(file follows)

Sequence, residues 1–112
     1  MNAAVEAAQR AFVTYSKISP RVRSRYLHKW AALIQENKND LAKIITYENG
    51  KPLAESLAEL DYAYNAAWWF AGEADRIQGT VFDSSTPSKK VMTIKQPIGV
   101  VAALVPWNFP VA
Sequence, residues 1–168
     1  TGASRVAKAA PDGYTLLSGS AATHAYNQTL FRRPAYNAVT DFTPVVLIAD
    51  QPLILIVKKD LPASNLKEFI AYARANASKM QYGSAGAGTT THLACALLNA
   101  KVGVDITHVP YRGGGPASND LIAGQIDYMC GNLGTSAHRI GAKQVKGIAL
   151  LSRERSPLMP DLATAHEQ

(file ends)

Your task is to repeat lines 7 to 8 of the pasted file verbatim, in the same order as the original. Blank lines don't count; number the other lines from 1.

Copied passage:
    51  QPLILIVKKD LPASNLKEFI AYARANASKM QYGSAGAGTT THLACALLNA
   101  KVGVDITHVP YRGGGPASND LIAGQIDYMC GNLGTSAHRI GAKQVKGIAL